Values are given as mean (SD). Comparison between follow up and baseline results (intra-group) was with the Wilcoxon test for continuous variables (a non-parametric test for two related samples) and the Fishers exact probability test (two tail) for non-continuous variables. Comparison between each group (inter-group, Medv HBA) is by the use of the Mann-Whitney test for continuous variables (a non-parametric test for two independent samples) and the Fishers exact probability test (two tail) for non-continuous variables.
In the Med group follow up was complete at one and three months (n = 18) and available for 16 patients at six and 12 months. One patient developed breast cancer after five months preventing further follow up, and another refused further follow up after a three month check. In the HBA group follow up was complete at one, three, and six months (n = 18) and available in 16 patients at 12 months. One patient died at nine months and another refused further follow up after a six month check.
In the Med group rate control was achieved by single drug treatment in five patients (28%, verapamil n = 1, diltiazem n = 2, β blockers n = 1, and digoxin n = 1), two drug treatment in 11 patients (61%, verapamil + digoxin n = 7, diltiazem + digoxin n = 3, β blockers + digoxin n = 1), and three drug treatment in two patients (11%, verapamil + digoxin + β blockers n = 1, diltiazem + digoxin + β blockers n = 1). All patients had an increase in either the dosage or number of drugs used following pacemaker implantation. No patient from the medical group underwent ablation during the study period.
In the HBA group all atrioventricular modifying drugs were discontinued.
CARDIOPULMONARY EXERCISE TESTING
In the Med group there was a significant improvement in exercise duration at one month that was maintained throughout the study (table2, fig 1). Overall exercise duration increased by approximately 40%. There was no significant improvement in Vo 2max. The peak heart rate on exercise or percentage maximum predicted did not significantly change from baseline at any stage. However, there was a significant change in the heart rate profile on exercise (fig 2). Although resting rate did not change compared to baseline, the rate at one minute intervals over the first three minutes was significantly slower at all follow up visits.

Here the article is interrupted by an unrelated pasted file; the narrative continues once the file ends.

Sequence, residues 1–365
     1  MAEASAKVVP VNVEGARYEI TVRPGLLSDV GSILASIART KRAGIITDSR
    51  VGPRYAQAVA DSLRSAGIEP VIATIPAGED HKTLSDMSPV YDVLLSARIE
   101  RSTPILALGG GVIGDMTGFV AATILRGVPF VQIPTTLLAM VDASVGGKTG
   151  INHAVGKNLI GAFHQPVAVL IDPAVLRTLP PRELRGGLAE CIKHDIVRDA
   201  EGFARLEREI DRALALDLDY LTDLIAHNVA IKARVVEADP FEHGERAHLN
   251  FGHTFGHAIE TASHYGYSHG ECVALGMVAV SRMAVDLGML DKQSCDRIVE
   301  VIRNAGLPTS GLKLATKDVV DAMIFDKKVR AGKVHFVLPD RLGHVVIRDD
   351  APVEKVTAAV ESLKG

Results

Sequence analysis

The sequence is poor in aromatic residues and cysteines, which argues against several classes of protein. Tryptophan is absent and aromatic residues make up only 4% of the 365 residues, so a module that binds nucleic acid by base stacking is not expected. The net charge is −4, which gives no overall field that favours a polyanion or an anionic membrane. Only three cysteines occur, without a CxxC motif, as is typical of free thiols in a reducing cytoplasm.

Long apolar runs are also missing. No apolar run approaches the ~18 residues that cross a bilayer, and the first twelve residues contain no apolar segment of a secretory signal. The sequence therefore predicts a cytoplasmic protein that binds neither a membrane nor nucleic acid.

In the HBA group there was again a significant improvement in exercise duration at one month that was maintained throughout the study (table2, fig 1). Overall exercise duration increased by approximately 20%. There was no significant change in Vo 2max. There was a significant decrease in the peak heart rate obtained on exercise and the percentage maximum predicted at all follow ups. There was again a significant change in the heart rate profile on exercise (fig 2). Compared to baseline both resting heart rate and rates at one minute intervals over the first three minutes were all significantly slower at all follow ups.
For inter-group comparison (Med v HBA) there was no significant differences in any baseline results or between the groups in follow up (full statistical results not shown) except for the resting heart rate before exercise. This was significantly slower in the HBA group throughout the study compared to the Med group. However, the heart rate profiles on exercise at one minute intervals did not differ.
MODIFIED KAROLINSKA QUESTIONNAIRE
In the Med group there was a significant improvement in the total KQ scores at all follow ups, with a mean reduction of approximately 50%. For the individual symptoms there was significant improvement in chest pain, palpitations, dizziness, and shortness of breath at all follow up visits. By 12 months general health and activity level had also significantly improved, so that all individual symptoms had improved at this stage (table 3).
In the HBA group there was a significant improvement in the total KQ scores at all follow ups, again with a mean reduction of approximately 50%. For the individual symptoms there was only significant improvement in palpitations and shortness of breath at all follow up visits. Symptoms of dizziness had improved by one month but this was not maintained. However, by 12 months general health and activity level had also significantly improved. Therefore four out of six specific symptoms had improved at this stage.
For inter-group comparison (Med v HBA) there was no significant differences in any baseline results or between the groups at follow up (full statistical results not shown).
NOTTINGHAM HEALTH PROFILE
In the Med group for part 1 of the NHP there was a significant improvement in the total score at all follow ups. The mean reduction was approximately 40%. For the individual dimensions physical mobility, pain, and emotional reaction were improved at all follow up visits and energy for the first six months (table 3).
In the HBA group for part 1 of the NHP there was again a significant improvement in the total score at all follow up visits. The mean reduction was less at approximately 20%. For the individual dimensions only physical mobility had improved with benefit seen at all follow ups.
For inter-group comparison (Med v HBA) for part 1 there was no significant differences in any baseline results or between the groups at follow up (full statistical results not shown).
For part 2 of the NHP there was no significant change from baseline in either group at any time or any difference between the groups (full statistical results not shown). Figure 3 shows an example of results at six months.
24 HOUR TAPE
The mean (SD) heart rate over 24 hours at one month was significantly higher in the Med group compared to the HBA group (Med 83 (8) bpm v HBA 71 (6) bpm, p < 0.01). These values and the difference between the two groups did not significantly change with further follow up.
The maximum (SD) heart rate from the 24 hour tape at one month did not significantly differ between the two groups (Med 116 (19) bpmv HBA 113 (17) bpm, p = 0.6). These values also did not change significantly with further follow up.